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09th Apr 2024

What is the viral feminist 4B movement in South Korea?

Anna Martin

4b movement

You may or may not have come across the 4B movement while scrolling through social media

As of late, the feminist action has been gathering more attention on TikTok as South Korean women take a radical stance against traditional gender norms.

Yet unsurprisingly, even if you have seen it on socials you may have many questions.

Why did it start, what are the principles and is it actually having any effect on Korean society?

Here’s everything you need to know about the 4B movement.

What is the 4B Movement?

4b movement
Credit: Canva

Despite gaining Western media attention on TikTok this year, the movement really got its formal start on Twitter back in 2019.

It’s unclear how many official members there are but estimates suggest a range of 5,000 to 50,000 participants.

One notable feature of the 4B movement, as with other Korean digital feminist movements, is that members often identify themselves as “anonymous women,” and opt to not disclose personal details online.

It advocates for women to reject societal expectations, particularly regarding marriage and child-rearing, as a protest against widespread misogyny in South Korea.

The movement is defined by its four foundational principles, each beginning with the Korean word “bi-” which translates to “no”: Bihon (no to heterosexual marriage), Bichulsan (no to childbirth), Biyeonae (no to dating), and Bisekseu (no to sex), per The Cut.

Its emergence and rapid growth can be attributed to a broader context of frustration among South Korean women towards a culture that imposes rigid expectations on their roles within society.

The movement has been instrumental in highlighting and protesting against South Korea’s pro-natalist policies, which have been criticized for failing to address the underlying issues that deter women from choosing to marry or have children, such as gender inequality, lack of support for working mothers, and high childcare costs.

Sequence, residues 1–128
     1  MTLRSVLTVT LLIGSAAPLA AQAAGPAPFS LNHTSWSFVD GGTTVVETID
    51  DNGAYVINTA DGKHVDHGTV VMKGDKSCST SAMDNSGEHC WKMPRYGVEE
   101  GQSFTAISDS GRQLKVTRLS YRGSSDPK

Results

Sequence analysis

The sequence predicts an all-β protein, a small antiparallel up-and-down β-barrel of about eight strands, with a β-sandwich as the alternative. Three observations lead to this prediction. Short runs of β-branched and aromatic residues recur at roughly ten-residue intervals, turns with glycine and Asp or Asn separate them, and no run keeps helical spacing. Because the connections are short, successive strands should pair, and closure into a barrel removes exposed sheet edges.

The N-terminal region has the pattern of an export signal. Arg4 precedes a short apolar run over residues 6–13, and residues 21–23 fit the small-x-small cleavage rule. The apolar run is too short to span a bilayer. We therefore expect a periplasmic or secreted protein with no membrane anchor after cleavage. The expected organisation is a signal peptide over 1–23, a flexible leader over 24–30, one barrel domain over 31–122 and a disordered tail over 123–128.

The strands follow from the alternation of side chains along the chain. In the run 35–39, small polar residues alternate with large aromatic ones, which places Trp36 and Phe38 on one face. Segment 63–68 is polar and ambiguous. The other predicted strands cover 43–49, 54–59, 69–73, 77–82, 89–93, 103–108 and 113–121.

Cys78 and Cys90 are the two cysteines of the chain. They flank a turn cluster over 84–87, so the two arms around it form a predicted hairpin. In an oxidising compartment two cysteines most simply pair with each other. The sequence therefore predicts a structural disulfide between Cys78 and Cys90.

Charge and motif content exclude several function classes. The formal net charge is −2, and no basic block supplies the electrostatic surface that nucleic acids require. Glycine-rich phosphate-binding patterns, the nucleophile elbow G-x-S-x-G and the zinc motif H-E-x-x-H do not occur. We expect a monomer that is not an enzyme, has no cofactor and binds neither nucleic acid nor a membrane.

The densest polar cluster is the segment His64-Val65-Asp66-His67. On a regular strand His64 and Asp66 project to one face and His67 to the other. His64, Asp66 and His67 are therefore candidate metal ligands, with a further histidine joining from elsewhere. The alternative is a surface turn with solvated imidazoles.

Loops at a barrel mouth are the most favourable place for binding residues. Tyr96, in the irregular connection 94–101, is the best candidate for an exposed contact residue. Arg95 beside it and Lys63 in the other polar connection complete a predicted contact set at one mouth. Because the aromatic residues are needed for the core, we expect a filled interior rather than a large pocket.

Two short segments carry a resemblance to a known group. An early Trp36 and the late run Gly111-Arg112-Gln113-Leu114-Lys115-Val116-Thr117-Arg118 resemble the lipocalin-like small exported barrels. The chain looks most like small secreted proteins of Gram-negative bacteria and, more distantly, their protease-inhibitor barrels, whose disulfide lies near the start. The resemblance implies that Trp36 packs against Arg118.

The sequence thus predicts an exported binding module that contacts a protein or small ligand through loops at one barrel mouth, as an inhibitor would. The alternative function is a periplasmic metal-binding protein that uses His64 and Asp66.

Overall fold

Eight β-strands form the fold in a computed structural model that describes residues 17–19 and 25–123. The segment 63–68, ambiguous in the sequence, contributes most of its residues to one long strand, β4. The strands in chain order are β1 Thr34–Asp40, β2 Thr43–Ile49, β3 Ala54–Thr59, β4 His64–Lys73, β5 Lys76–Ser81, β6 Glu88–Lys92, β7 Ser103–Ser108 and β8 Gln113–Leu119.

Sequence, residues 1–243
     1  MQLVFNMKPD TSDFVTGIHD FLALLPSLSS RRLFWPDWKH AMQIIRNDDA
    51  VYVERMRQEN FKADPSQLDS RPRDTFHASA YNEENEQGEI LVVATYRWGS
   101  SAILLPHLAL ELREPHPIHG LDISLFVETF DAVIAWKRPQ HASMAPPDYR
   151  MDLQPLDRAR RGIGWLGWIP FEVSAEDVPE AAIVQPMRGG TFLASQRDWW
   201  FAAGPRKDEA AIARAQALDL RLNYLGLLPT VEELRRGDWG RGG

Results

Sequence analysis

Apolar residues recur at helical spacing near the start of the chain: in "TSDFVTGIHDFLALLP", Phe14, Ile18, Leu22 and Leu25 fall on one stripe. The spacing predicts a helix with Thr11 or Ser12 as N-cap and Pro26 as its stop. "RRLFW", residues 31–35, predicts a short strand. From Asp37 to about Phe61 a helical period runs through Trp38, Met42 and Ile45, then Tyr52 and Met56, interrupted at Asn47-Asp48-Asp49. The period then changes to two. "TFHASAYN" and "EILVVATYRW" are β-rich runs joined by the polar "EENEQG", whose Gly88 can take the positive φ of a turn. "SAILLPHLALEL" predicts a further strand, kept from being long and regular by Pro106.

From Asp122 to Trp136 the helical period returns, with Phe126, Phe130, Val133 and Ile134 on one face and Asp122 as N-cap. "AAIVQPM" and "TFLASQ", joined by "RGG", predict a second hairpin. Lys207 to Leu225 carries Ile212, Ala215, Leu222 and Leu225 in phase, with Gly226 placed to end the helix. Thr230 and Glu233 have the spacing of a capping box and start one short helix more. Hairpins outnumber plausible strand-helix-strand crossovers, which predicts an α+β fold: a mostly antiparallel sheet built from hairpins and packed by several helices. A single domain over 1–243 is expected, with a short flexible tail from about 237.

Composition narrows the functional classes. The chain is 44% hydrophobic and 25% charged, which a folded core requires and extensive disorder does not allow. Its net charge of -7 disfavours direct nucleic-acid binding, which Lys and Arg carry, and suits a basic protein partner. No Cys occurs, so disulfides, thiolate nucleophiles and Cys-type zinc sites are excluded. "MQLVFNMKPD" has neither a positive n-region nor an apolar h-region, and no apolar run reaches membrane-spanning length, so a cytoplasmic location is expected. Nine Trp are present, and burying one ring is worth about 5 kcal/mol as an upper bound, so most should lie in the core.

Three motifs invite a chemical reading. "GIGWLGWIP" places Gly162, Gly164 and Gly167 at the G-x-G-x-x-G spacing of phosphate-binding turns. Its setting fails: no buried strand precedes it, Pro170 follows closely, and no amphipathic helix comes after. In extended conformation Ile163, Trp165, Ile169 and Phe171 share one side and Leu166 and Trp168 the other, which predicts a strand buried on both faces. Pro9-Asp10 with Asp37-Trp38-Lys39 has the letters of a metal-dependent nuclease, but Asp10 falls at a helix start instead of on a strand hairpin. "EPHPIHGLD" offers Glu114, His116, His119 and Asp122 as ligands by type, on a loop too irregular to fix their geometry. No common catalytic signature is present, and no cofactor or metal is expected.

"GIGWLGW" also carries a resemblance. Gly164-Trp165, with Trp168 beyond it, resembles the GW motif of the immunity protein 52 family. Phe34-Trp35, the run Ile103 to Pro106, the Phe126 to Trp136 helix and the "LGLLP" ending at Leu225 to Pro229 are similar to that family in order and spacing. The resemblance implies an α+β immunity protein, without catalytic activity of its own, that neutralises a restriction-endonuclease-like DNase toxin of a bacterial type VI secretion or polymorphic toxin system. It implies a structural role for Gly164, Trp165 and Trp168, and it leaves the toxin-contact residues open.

Why did it start?

Though we can’t pinpoint the exact moment, the government’s treatment of the issue of gender equality has long been a source of frustration and anger for South Korean women.

For years Korean women’s engagement in the labour force has already been low without considering the additional challenges that intersect with pregnant women and mothers.

There is a prevalent issue of discrimination against hiring women which draws from the traditional gender roles expecting women to remain in the home.

The gender pay gap also discourages women from entering the workforce.

Mothers struggle to re-enter the workforce both because of workplace discrimination and because of familial expectations that require them to also handle childcare and household responsibilities. 

Yet instead of lobbying for change, President Yoon Suk Yeol used men’s frustrations surrounding this issue as part of his political platform, blaming feminism for the low birth rate while simultaneously claiming that gender inequality is not an issue in South Korea.

The nation currently holds the lowest birth rate in the world (0.78 compared to a global average of 2.3. Australia’s is around 1.58). 

Part of Yoon’s domestic agenda is to abolish Korea’s Ministry of Gender Equality which has been active since 2001.

This announcement sparked backlash from feminists and resulted in protests demanding that the government advance rather than hinder women’s rights.

The government has further reversed the progress of women’s rights in Korea by removing “gender equality” as a term in school textbooks.

How are we only finding out about this in the West?

@denimchromosome also hilarious that the govt thinks just throwing money at pregnant ppl is gonna fix the problem instead of addressing the cutthroat lvls of competition, insane housing prices, misogyny, and the worst gender gap in OCED 😌 #fypシ #korea #4b ♬ original sound – jeanie 🍉

It all really kicked off here when a TikToker named Jeanie discussed how women in South Korea are, basically, boycotting men.

“I think it’s so f***ing funny that Korean women are so done with Korean men that they’re literally just deciding to die out,” the video begins.

Jeanie, also known as denimchromosome on TikTok, explains the 4B movement as women “giving up” on men, preferring to “go extinct” in protest.

“[Women] are like, ‘[Men are] f***ing assholes, they’re not going to change, so we’re all going to go extinct.’”

In other words, Korean women are so fed up with misogyny that they’re going on strike from heterosexual relationships, and all that would traditionally imply (like, birth and marriage).